Public and private keys GnuPG each have a specific role when encrypting and decrypting documents. A public key may be thought of as an open safe. When a correspondent encrypts a document using a public key, that document is in the safe, the safe shut, and the combination lock spun several times. The corresponding private key is the combination that can reopen the safe and retrieve the document. In other words, only the person who holds the private key can recover a document encrypted using the associated public key. The procedure for encrypting and decrypting documents is straightforward with this mental model. If you want to encrypt a message to Alice, you encrypt it using Alice’s public key, and she decrypts it with her private key.
Likewise, if you want to send a message, she encrypts it using your public key, and you decrypt it with your key.
To encrypt a document, the option –encrypt is used. It would be best if you had the public keys of the intended recipients. The software expects the document’s name to encrypt as input or, if omitted, on standard input. The encrypted result is placed on standard output or specified using the option –output. The document will be compressed for additional security in addition to encrypting it.
- Ensure that you have Python 3 and pip installed
- Create a GnuPG key pair
Set Up GnuPG Keys
To begin using GPG to encrypt your communications, you need to create a key pair. You can do this by issuing the following command:
# sudo yum install gnupg2 # gpg --full-generate-key
This will take you through a few questions that will configure your keys:
- Please select what kind of key you want: (1) RSA and RSA (default)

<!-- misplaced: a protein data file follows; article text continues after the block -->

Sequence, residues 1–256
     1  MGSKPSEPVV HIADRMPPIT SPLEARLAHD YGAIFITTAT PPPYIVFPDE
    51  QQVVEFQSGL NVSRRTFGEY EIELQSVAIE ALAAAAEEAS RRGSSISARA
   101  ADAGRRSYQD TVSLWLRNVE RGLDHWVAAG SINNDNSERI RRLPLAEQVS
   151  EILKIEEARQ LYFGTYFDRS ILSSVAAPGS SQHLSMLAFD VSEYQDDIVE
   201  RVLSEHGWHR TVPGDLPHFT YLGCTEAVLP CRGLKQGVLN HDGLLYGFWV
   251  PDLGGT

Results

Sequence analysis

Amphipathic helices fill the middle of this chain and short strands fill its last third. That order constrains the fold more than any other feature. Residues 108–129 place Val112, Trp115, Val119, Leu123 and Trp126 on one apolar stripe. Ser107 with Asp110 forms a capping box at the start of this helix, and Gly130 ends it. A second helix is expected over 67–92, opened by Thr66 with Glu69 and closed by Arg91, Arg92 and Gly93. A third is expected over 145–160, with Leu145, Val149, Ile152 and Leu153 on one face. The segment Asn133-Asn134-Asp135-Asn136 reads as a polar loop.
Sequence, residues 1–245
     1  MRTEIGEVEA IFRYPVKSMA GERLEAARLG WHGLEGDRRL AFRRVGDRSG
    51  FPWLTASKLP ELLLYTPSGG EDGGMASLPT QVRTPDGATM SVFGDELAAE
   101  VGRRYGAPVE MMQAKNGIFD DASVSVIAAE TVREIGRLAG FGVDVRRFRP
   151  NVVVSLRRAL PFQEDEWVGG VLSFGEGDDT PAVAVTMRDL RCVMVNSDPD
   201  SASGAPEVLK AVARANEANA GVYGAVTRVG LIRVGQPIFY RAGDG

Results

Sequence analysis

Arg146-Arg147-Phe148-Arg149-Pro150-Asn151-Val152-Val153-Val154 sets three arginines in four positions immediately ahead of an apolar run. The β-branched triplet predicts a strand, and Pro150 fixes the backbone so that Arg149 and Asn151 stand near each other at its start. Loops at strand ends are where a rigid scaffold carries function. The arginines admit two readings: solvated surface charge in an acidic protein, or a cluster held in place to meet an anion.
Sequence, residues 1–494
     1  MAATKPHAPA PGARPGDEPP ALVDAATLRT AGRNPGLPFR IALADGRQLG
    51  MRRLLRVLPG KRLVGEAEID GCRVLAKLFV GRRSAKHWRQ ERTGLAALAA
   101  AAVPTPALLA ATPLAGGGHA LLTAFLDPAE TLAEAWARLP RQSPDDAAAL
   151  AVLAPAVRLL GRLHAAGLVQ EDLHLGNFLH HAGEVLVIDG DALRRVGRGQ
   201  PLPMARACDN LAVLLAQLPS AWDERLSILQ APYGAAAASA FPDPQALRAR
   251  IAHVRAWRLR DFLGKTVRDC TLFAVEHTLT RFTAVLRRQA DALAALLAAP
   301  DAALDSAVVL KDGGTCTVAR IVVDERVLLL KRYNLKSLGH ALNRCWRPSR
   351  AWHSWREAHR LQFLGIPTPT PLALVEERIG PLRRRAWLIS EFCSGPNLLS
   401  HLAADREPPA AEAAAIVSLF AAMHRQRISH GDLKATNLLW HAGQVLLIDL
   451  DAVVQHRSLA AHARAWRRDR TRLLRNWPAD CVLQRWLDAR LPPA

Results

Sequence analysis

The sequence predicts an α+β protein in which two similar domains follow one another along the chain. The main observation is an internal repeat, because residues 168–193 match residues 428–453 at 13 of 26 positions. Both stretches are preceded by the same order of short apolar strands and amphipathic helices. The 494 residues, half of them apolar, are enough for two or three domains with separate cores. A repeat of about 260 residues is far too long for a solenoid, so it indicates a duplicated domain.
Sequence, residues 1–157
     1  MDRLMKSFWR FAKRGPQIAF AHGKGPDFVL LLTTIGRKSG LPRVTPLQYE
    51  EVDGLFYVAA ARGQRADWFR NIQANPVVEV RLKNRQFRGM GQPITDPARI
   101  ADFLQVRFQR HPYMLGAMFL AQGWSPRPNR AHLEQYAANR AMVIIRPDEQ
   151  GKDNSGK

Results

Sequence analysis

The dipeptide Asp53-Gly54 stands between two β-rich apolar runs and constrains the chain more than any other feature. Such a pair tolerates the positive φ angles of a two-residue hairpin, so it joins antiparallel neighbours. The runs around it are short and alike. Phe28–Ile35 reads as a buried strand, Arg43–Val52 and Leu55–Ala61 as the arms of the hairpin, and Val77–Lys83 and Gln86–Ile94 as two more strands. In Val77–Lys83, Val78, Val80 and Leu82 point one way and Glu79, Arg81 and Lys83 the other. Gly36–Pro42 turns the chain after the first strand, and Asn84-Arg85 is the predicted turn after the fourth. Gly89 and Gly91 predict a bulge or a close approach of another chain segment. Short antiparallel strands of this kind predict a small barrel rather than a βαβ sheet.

- What keysize do you want? 4096
- Key is valid for? 1y (expires after one year. If you are testing, you may want to create a short-lived key the first time by using a number like “3” instead.)
- Is this correct? y
- Real name: your real name here
- Email address: email@example.com
- Comment: Optional comment that will be visible in your signature
- Change (N)ame, ©omment, (E)mail or (O)kay/(Q)uit? O
- Enter passphrase: Enter a secure passphrase here (upper & lower case, digits, symbols)
Let’s describe the options on the
full generate option:
The first question is what kind of key algorithm you want. Defaults are that for a reason. Unless you have a company policy that specifies otherwise, choose the default of RSA and RSA for your multi-use or email exchange key pair.
Next is the key size. Longer is not always better, but I would go with 2048 or 4096. The Red Hat security keys we imported in the last article are 4096 in length.
Please specify how long the key should be valid. 0 = key does not expire <n> = key expires in n days <n>w = key expires in n weeks <n>m = key expires in n months <n>y = key expires in n years Key is valid for? (0) Key does not expire at all Is this correct? (y/N)
The next set of prompts constructs the identity.
GnuPG needs to construct a user ID to identify your key. Real name: Best User Email address: firstname.lastname@example.org Comment: Best Company You selected this USER-ID: "Best User (Best Company) <email@example.com>" Change (N)ame, (C)omment, (E)mail or (O)kay/(Q)uit?
After confirming the settings, you are prompted for a passphrase for the private key. The gpg command requires an agent for this, so you may find that you need to be logged indirectly as the user. The agent may be a graphical pop-up box if you are on a graphical desktop such as GNOME. Once completed, the key information is displayed on the screen.